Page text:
globalchange  > 气候变化事实与影响
DOI: doi:10.1038/nclimate2670
Response of chinook salmon to climate change
Author: Nathan J. Mantua
Source Publication: Nature Climate Change
ISSN: 1758-853X
EISSN: 1758-6973
Publishing Year: 2015-06-24
Volume: Volume:5, Pages:Pages:613;615 (2015)
Language: 英语
Keyword: Phenology ; Evolutionary ecology ; Animal migration
English Abstract:

To the Editor —

Muñoz et al.1 present some interesting and valuable experimental data about the physiological responses of chinook salmon (Oncorhynchus tshawytscha) to changes in developmental temperature. Especially notable is the way they develop quantitative genetic data to evaluate the adaptive potential of cardiac performance to different temperature regimes. Pacific salmon clearly have the ability to develop population-specific adaptations in cardiac performance over evolutionary time scales2, but they found relatively little capacity for adaptive genetic or plastic responses in one key performance measure, the arrhythmic temperature, in the population they studied. However, we raise concerns about their extrapolation from a small study to broad conclusions about vulnerability of the entire species to climate change. They claim that “rising temperatures now threaten the persistence of [salmon]1. While it is true that many individual salmon populations and some regional population groups are at risk, threats to persistence are multifaceted and population-specific3. Moreover, the premise that persistence of the genus, or any one of the Oncorhynchus species, is now threatened by rising temperature is not supported by other empirical evidence. We are also concerned that this study ignored the documented capability of salmonids to respond to environmental change with plastic and evolutionary changes in behaviour, such as upstream (adult) and downstream (juvenile) migration timing4. Changes in phenology, rather than physiological tolerances, provide greater capacity for resilience to climate change in salmonids5 and other taxa more generally6, although the two clearly interact and the relative importance of behavioural and physiological responses may vary across taxa or contexts (such as geographic locations)7.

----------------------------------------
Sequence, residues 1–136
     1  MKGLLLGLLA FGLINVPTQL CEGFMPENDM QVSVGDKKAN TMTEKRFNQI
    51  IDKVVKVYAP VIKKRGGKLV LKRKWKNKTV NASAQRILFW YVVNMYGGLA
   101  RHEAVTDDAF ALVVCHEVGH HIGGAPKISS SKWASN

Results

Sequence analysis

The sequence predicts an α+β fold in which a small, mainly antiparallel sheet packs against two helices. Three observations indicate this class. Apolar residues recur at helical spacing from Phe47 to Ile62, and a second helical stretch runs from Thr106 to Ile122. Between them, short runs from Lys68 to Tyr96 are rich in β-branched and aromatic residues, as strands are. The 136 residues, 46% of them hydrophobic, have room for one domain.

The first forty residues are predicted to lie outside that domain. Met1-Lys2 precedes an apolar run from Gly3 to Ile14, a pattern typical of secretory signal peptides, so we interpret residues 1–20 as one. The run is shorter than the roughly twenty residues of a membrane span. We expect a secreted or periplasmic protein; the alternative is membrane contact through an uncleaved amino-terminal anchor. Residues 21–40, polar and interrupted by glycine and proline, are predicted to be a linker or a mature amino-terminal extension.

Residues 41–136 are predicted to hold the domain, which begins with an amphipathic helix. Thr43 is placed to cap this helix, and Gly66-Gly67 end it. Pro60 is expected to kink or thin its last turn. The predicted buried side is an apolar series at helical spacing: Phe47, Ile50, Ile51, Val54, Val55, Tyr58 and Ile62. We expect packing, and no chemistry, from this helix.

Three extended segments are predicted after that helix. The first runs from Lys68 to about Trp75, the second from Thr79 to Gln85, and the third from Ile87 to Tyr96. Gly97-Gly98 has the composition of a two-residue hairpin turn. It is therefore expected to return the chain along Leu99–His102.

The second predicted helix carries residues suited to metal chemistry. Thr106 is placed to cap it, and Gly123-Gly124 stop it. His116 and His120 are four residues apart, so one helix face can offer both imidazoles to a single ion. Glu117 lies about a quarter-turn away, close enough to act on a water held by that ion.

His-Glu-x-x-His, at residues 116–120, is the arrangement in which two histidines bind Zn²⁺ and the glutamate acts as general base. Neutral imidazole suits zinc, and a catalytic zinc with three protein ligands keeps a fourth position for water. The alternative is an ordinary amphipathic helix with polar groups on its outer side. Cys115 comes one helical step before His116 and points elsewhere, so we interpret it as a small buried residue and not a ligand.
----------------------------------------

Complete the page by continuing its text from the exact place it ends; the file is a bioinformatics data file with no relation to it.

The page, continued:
The Quinsam River population used in the experiment by Muñoz et al. inhabits a watershed where average water temperatures seasonally increase by about 7 °C from April to June8. Warmer temperatures are associated with more rapid development and earlier downstream migration for juvenile salmonids4. If juvenile migration advanced by a month, which is well-within the capacity for a rapid plastic response in chinook salmon, this behavioural shift would prevent exposure to 4 °C of warming in June temperature. A four-year study of juvenile migration timing in chinook salmon in Oregon's Umpqua River showed that median migration dates in two tributaries advanced 40 days when spring water temperatures were 5 °C higher9. Given that egg development is also likely to be advanced under warmer temperatures (Muñoz et al. themselves found that entry into the juvenile phase occurred 50 days earlier in their +4 °C treatment group), juvenile development in fresh water need not be cut short by earlier ocean entry. Of course, timing changes at any one life stage may pose fitness challenges in subsequent life stages, so advanced ocean migration timing might come with fitness costs10.

In addition to immediate plastic responses, evolution of reaction norms (the phenotypic response of a single genotype across a range of environments), as observed in Columbia River sockeye salmon (O. nerka) adult migration timing11, allows further modification of these traits. Taking evolution in adult migration timing into account greatly reduces the simulated probability of extinction in a population of sockeye salmon in the Fraser River, British Columbia, Canada, under climate warming scenarios10 (Fig. 1).

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Recommended Citation:
Nathan J. Mantua. Response of chinook salmon to climate change[J]. Nature Climate Change,2015-06-24,Volume:5:Pages:613;615 (2015).
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